by L. E. Modesitt, published by Tor Books.
Since I ranted about the Da Vinci Code in a EUOLogy a few weeks ago, I figured that I should balance out my ponderings by talking about a book I actually liked. Fortunately, I just happened to have one handy
I read my first Modesitt book back in the early nineties, right around the same time Robert Jordan was getting popular. My first thought, upon seeing The Magic of Recluse, was that Modesitt looked like a Jordan clone. He had the same cover artist, same publisher, and same general “feel.” I read the book, and found it interesting, but wasn’t overwhelmed.
During the next ten years, however, I grew increasingly impressed with Modesitt as a writer. He took a different route from Jordan—instead of letting his series become increasingly bloated, he followed a more Anne McCaffery series paradigm. While there are some fifteen Recluce books out now, many of them are stand-alones, and those that have continuing characters are formed into sub-series set within the world. Modesitt has written consistently and professionally, proving to his readers that he deserves their trust.
Wellspring is the latest in the Recluce series. It takes place some number of years after the last sub-series, and stands completely on its own, not requiring any previous—or further—reading in the world to enjoy. The book represents one of the directions I think that fantasy should go in the future. It isn’t about the end of the world or a traditional quest—it is the story of a person, a single viewpoint character, struggling to make his way in a fully-realized fantasy world.
This character—Kharl—shares some characteristics with a traditional fantasy hero. He begins the story relatively low in the social hierarchy. (He’s a cooper.) He has latent magical abilities that he doesn’t realize, and the progression of the story will require him to leave his comfortable home in search of who he truly is. At the same time, however, he is a very original character for a fantasy story. Not a young man by any means, Kharl is presented as a simple family man. His search to “find himself” feels far less like a quest than it does a realistic presentation of a man cast out of house and home, trying to make his way as best he can and deal with events that threaten to completely overwhelm him.
One of Modesitt’s strengths is the detail he includes in his writing. He knows this world, and he gives us the sense that he also knows what it is like to be a cooper. This is the kind of book that could really only have been written following several large series set in the same setting, for while it doesn’t seem to really advance any major world-based issues (except, perhaps, for some sections at the very end) it does draw upon a world that has been developed and expanded over a decade’s time.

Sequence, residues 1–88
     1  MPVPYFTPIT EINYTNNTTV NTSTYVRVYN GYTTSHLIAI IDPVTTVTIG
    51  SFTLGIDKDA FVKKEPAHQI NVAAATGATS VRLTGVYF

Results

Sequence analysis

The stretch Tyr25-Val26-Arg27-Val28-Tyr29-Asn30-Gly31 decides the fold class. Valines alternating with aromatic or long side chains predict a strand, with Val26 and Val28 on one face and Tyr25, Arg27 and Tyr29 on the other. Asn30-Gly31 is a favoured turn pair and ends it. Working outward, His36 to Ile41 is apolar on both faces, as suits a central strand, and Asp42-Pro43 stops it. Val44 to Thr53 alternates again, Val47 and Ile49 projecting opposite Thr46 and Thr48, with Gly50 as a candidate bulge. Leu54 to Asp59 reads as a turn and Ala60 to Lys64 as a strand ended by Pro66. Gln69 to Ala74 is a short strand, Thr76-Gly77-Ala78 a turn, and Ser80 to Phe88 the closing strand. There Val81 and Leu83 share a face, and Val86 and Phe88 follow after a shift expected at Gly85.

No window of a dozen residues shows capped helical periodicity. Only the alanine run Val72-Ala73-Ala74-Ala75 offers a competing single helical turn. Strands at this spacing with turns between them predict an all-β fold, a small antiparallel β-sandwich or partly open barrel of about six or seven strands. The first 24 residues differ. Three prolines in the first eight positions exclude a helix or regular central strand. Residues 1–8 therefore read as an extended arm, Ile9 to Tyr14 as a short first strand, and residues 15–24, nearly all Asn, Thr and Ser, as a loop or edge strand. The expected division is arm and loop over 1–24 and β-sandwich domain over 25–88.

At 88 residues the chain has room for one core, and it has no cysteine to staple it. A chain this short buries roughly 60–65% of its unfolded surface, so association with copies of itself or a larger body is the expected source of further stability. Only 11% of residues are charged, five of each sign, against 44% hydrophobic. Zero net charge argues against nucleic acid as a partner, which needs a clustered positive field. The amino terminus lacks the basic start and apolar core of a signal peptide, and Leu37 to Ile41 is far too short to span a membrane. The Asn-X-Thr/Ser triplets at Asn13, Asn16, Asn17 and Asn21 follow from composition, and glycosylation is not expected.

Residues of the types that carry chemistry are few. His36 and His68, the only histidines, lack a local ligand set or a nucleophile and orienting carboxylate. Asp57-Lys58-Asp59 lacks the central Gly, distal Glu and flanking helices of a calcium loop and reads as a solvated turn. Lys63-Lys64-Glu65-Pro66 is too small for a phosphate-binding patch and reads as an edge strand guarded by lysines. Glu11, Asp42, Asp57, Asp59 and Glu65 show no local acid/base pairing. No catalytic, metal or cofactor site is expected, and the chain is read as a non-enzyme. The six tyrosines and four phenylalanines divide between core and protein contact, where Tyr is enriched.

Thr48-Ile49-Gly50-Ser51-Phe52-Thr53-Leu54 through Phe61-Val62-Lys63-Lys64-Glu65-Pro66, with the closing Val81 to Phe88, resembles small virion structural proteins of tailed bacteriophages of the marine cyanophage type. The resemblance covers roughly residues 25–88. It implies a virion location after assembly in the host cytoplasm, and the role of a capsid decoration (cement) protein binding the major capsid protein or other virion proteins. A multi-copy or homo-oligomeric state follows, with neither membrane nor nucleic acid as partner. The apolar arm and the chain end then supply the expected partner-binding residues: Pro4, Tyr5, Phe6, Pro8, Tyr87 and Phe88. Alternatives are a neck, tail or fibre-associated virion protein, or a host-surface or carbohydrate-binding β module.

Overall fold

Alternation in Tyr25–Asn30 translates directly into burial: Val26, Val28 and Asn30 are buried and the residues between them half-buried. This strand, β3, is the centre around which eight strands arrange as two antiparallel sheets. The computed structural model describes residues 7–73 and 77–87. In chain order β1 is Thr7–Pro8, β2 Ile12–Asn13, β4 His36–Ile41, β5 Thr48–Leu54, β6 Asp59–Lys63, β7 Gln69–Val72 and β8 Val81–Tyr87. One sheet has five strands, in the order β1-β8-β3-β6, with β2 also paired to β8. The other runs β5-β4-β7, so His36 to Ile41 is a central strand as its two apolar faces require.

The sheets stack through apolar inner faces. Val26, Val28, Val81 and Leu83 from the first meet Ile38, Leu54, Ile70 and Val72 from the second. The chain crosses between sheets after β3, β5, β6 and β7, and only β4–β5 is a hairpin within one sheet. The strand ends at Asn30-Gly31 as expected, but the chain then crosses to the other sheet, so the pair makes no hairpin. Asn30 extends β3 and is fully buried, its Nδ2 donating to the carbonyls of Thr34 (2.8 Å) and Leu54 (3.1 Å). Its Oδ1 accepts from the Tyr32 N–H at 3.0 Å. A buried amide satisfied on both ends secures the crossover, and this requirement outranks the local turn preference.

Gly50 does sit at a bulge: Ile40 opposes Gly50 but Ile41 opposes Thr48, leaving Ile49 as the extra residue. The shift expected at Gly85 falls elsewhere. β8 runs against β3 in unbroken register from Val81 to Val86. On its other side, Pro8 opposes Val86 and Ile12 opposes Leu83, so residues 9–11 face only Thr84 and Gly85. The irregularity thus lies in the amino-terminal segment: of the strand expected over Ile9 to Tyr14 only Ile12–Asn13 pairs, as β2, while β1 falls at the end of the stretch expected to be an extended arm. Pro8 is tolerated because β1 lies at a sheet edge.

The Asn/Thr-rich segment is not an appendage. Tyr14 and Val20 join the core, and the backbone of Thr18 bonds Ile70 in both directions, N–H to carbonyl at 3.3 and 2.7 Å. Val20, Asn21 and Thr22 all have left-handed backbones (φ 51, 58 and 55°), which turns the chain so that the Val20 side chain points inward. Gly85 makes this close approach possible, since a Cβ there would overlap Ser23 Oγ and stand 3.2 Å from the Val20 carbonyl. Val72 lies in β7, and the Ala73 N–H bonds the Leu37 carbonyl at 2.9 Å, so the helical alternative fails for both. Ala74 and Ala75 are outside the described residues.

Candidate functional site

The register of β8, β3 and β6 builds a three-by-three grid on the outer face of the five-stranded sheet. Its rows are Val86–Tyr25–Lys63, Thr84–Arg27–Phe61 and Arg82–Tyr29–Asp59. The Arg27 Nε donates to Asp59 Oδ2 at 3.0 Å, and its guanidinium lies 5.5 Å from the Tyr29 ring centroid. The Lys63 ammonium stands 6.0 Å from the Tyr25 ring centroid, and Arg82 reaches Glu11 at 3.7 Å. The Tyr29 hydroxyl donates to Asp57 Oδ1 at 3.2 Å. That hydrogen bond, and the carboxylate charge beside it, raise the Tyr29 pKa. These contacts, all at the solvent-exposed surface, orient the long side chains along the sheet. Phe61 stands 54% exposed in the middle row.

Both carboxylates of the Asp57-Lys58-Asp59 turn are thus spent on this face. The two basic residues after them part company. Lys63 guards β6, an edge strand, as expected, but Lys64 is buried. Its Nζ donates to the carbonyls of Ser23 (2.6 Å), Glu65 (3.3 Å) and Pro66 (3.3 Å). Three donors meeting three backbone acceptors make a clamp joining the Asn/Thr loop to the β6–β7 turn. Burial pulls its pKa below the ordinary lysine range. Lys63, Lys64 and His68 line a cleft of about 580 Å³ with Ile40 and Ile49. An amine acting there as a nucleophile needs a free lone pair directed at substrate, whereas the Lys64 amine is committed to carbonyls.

The book isn’t groundbreaking, and it does have a few problems. This book presents somewhat simplified view of good and evil—order mages are good, chaos mages are bad. Other Recluse books are far more interesting in the way that they deal with good/evil. In this book, however, anything that is destructive—from a person with an angry temperament, to weapon that has a flaw in its forging—emanates chaos to those who can see it. This sense is exacerbated by Kharl’s simple, ‘honest craftsman’ temperament. Though he struggles with his purpose and his situation, Kharl is a remarkably good man who just doesn’t have to bother with moral struggles. Everything is very black and white (though, of course, in Recluce black means Order and white means Chaos.)
The book does tend to meander a bit, without a clear sense of purpose, though in this particular case I’m willing to forgive this as a quirk rather than a detraction. The wandering plot adds to the feel of Kharl’s struggle. Modesitt’s writing is very good on the paragraph-by-paragraph level, and that makes the short chapters move very quickly and interestingly. I do think the book could have been served by a 10-15% cut, as some of the sections felt even more unconnected than the rest. However, it was a good read overall, and it was nice to enjoy something that was simply a product of a master writer telling a fine story.